5QuestionsToAskYourSeniorPastor

5 Questions for Your Senior Pastor

Featured Articles / Leadership //

Children’s ministry is often the largest ministry in the church, but its leaders frequently feel alone. Sure, we have our teams of volunteers and more children than we can handle, but when it comes to leading the ministry many of us are disconnected from the rest of the church staff. There is often a huge gap between children’s ministry and adult ministries, and an even larger gap between the children’s ministry leaders and the senior pastor or senior leadership team.

 

This disconnection brings with it a sense of autonomy. It is a blessing to be able to make decisions without a lot of hoops to jump through. While this is great for running programs, it is an extraordinary hindrance to successfully reaching the next generation for Christ and building a biblical family ministry. Family ministry is all hands on deck. Every ministry of the church needs to engage, and at the end of the day, the senior pastor needs to be a champion for the vision.

 

Do you want to accelerate the Gospel in your church in and through families? Here are five essential conversations, written in the first person, to have with your senior pastor.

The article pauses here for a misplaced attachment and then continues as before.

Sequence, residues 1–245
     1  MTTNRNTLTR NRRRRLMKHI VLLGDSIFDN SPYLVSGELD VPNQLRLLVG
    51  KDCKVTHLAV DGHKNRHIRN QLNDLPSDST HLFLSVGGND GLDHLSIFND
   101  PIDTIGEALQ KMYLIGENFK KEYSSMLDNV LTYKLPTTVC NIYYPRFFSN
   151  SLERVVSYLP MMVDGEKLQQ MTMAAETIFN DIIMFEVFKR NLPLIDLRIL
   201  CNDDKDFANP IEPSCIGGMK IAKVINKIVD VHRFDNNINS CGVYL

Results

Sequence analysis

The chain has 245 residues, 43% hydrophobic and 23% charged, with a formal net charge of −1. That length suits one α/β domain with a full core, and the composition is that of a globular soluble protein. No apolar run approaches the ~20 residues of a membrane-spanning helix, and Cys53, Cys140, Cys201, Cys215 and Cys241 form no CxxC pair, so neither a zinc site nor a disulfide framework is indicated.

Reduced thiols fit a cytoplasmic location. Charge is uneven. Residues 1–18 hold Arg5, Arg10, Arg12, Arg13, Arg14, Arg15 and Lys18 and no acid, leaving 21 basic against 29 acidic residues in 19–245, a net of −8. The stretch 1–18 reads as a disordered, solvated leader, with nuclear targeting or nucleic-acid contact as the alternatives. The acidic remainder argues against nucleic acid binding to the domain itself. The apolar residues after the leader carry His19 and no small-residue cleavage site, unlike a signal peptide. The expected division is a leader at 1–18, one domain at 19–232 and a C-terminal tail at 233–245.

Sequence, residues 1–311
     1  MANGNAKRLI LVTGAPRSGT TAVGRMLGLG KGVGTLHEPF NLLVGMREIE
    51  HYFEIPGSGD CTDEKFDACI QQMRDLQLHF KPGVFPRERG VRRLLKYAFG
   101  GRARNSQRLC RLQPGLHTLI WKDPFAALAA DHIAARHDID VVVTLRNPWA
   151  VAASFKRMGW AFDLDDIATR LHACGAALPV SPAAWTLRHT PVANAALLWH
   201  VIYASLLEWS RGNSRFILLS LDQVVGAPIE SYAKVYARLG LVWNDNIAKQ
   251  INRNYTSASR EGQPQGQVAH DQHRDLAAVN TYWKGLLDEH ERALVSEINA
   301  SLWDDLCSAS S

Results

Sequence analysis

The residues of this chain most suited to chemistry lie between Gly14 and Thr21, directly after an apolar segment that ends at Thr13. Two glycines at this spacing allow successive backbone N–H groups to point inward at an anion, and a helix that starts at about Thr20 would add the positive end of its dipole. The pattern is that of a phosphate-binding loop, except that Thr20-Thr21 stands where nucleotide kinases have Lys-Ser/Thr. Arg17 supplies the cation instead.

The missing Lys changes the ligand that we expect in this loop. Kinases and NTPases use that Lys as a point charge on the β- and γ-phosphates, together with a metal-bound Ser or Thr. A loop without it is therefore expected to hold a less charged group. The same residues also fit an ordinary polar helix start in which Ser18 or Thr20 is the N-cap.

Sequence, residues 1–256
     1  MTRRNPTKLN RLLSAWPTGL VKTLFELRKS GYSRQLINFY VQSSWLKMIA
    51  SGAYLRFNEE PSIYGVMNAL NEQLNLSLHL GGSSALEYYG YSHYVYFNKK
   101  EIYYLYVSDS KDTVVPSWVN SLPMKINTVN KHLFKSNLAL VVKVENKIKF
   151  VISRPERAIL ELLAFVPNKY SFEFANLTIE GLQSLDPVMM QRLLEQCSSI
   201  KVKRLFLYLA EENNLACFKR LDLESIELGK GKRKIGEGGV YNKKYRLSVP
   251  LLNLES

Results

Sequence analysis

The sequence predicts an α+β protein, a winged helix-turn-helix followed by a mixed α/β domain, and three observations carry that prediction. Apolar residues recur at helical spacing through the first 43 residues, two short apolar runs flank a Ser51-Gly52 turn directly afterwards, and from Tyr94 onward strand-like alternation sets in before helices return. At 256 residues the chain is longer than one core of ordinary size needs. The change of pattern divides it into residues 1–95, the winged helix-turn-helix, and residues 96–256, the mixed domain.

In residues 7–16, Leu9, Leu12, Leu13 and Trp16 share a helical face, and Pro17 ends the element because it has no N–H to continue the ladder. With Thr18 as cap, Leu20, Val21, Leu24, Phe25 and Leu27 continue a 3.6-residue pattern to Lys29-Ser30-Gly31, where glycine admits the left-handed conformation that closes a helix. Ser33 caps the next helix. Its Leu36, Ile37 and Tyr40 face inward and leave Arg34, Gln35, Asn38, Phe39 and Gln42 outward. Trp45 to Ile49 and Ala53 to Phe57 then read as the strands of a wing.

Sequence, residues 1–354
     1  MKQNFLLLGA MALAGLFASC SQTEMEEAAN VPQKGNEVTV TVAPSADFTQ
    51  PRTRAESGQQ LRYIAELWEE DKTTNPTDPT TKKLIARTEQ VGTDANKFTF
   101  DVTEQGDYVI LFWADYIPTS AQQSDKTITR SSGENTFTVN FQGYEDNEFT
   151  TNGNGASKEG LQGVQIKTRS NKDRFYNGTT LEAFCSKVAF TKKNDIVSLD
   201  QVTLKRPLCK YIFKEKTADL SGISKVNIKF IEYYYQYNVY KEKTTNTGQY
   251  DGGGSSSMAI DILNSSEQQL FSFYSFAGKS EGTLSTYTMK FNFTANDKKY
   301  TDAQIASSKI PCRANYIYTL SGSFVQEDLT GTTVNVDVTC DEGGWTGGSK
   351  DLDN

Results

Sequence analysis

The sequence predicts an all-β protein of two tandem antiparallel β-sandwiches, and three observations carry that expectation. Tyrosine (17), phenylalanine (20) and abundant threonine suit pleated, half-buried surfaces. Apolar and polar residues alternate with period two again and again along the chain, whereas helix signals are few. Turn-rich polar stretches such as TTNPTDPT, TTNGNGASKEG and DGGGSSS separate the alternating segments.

1. How can I better partner with our adult ministries to encourage parents to disciple their children?

 

You know how much I love kids and the passion I have to see them come to Christ. We also know that their parents have more influence on them than anyone else. I would love to do a better job encouraging, equipping, and training parents to disciple their children at home. In order to do that most effectively, I believe we need to work together. What advice would you have, or what direction can you give me, for how I could work more strategically with our men’s, women’s, and adult ministries to equip parents for their job of “making disciples” of their children?

 

 

  1. What opportunities do you see for our church to bring families together?

 

So much of our ministry is divided by age and life stage. Sometimes it seems that as soon as a family walks in the doors of the church we scatter them into places for discipleship. What would happen if we looked for more opportunities to keep families together to strengthen their faith as a unit, not just as individuals? I want your ideas on this. Perhaps we could consider a quarterly “Generations Sunday School” where parents and grandparents learn together with their kids. What if we took one of our midweek ministry nights each quarter to bring all ages together for a meal and shared Bible teaching? Could some of our adult small groups shift gears and include their children? Could some of our short-term mission trips become family trips? These are just some of the things I have been thinking about. I really want to hear your ideas.

 

 

  1. How can we engage children in our corporate worship service?